There are more purebred cats in the USA than the UK. This also encourages keeping cats indoors all the time. I can understand that because of the fear of cat theft and loss (when bearing in mind the financial cost). But there is no doubt that in a better world there would be no link between the financial value of a cat and the level of care.
In Britain about 90% of domestic cats are indoor/outdoor cats and the vast majority are random bred cats (not purebreds). As far as I am aware the life expectancy and health of these cats is no different to those of the United States. If that is true and I believe it is, the general culture of keeping cats indoors for health reasons is false. Although I am not advocating letting cats out onto the street. City cats must be heavily supervised (leash or enclosure) if let out. It depends on the area where the person lives and the application of common sense.
The equality of age of British and American cats may in part be due to the fact that full-time indoor living is no more healthy that indoor/outdoor living (in an appropriate environment – e.g where there is very little traffic). It also may be due to the fact that purebred cats live, on average, shorter lives than random breed cats due to lower genetic diversity. And as I said there is a higher percentage of purebred cats in the USA compared to the UK.
I remember reading somewhere a breeder saying that a Modern Siamese cat would have an approximate life expectancy of about 11 years or so, which is a lot less than the average UK moggie (about 15-20 years).
It could be argued that indoor/outdoor cats are more balanced and less stressed. Would this lead to a more healthy constitution? I think, yes.
There are a list of potential hazards to indoor cats one of which I have already touched on that caused a bit of upset: passive smoking. That article was not directed at anyone. I now read that passive smoking cats are twice as likely to develop Feline Leukaemia and 3 times more likely if exposed for 5 or more years (Study 1993-2000, Tufts University, Grafton, Massachusetts, USA; led by veterinary oncologist Anthony Moore). It is also worth noting that cigarette smoke contains 4,000 different chemicals many of which are poisonous and they are deposited on household objects and cats fur, which is then licked off in grooming.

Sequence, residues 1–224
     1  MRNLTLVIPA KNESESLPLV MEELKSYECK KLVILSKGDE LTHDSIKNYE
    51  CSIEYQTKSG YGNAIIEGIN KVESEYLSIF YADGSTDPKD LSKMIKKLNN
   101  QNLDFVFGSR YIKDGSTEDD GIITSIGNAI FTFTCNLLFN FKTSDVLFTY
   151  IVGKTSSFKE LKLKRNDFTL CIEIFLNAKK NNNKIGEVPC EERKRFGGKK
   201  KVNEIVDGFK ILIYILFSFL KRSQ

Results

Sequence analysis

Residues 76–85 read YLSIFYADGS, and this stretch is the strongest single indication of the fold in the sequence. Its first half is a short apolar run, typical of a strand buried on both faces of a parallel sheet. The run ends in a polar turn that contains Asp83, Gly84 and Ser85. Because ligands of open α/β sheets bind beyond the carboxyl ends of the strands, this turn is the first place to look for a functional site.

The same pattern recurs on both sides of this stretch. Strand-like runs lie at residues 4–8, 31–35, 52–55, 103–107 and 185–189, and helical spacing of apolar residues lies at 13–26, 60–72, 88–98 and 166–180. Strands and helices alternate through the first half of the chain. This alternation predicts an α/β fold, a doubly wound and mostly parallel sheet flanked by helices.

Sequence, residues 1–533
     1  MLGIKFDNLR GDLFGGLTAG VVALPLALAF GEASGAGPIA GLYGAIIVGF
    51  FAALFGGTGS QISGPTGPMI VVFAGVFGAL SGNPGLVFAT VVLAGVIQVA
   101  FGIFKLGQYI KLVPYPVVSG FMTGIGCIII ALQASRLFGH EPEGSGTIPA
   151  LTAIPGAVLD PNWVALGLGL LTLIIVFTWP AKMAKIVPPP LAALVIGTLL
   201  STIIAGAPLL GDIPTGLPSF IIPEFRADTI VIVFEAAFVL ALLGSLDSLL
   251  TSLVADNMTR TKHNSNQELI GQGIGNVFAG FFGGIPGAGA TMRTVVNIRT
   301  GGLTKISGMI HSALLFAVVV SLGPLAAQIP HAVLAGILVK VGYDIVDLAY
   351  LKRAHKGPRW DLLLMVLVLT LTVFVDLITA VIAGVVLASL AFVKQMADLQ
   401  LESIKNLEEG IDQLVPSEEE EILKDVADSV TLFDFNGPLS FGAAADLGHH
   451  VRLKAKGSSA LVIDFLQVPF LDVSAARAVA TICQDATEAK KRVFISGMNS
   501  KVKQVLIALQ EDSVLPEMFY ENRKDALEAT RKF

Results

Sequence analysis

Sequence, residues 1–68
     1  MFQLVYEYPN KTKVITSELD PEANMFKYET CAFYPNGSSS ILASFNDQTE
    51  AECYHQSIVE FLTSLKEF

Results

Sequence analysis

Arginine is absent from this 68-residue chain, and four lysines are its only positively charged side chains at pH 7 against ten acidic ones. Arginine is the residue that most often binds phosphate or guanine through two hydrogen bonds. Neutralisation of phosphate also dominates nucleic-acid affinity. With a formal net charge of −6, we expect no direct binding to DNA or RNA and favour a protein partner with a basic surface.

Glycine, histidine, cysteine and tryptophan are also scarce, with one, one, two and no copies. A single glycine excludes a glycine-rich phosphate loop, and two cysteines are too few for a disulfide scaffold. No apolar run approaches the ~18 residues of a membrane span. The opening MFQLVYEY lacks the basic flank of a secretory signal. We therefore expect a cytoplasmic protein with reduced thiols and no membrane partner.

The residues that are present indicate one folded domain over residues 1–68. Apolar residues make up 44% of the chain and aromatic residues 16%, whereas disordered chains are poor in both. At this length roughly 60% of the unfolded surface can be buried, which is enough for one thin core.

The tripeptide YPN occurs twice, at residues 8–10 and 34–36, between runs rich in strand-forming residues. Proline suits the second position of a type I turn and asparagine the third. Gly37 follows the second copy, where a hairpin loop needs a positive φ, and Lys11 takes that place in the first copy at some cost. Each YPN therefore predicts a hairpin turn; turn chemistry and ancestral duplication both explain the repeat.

Indoor cats are loved cats (more than indoor/outdoor cats)? No. Here is a list of some (there are more) hazards to indoor cats, particularly kittens:
- Stress caused by the mental conflict between the drive to act naturally (hunt, stalk and be a predator – not a cuddly fur baby) and the lack of opportunity to release that drive or stress from other sources that cannot be relieved (e.g. another cat). Play will help but how many of us can honestly say that we give enough time to play? Stress causes high levels of corticosteroids which lower the immune system. That can lead to any number of illnesses the cause of which may well go undiagnosed. Obviously a cat born indoors that knows nothing else is likely to be better adjusted to it. Stress can lead to behavioural problems that include displacement behaviour including feline alopecia
- Slammed doors
- Candles and oil burners (Christmas is coming up)
- Christmas trees should be topple proof and decorations cat proof (ideally). Please don’t punish your cat if he or she climbs the tree!
- Washing machines and tumble driers (cats crawl in and get tumble dried). There have been a number of stories about this happening.
- Garages and the things in them.
My conclusion is this. We have an obligation as a human companion to our cat to provide as natural a life as possible for him or her. That obligation can only be met through the provision of some sort of outdoor activity that is consistent with the circumstances under which the cat lives and which is as safe as possible. There should be no automatic decision to keep the cat permanently indoors.
Indoor Cats are Loved Cats? --Source: Me primarily and Messybeast for some ideas and a bit of data.
Indoor Cats are Loved Cats? – heading photo: by Maia C (new window)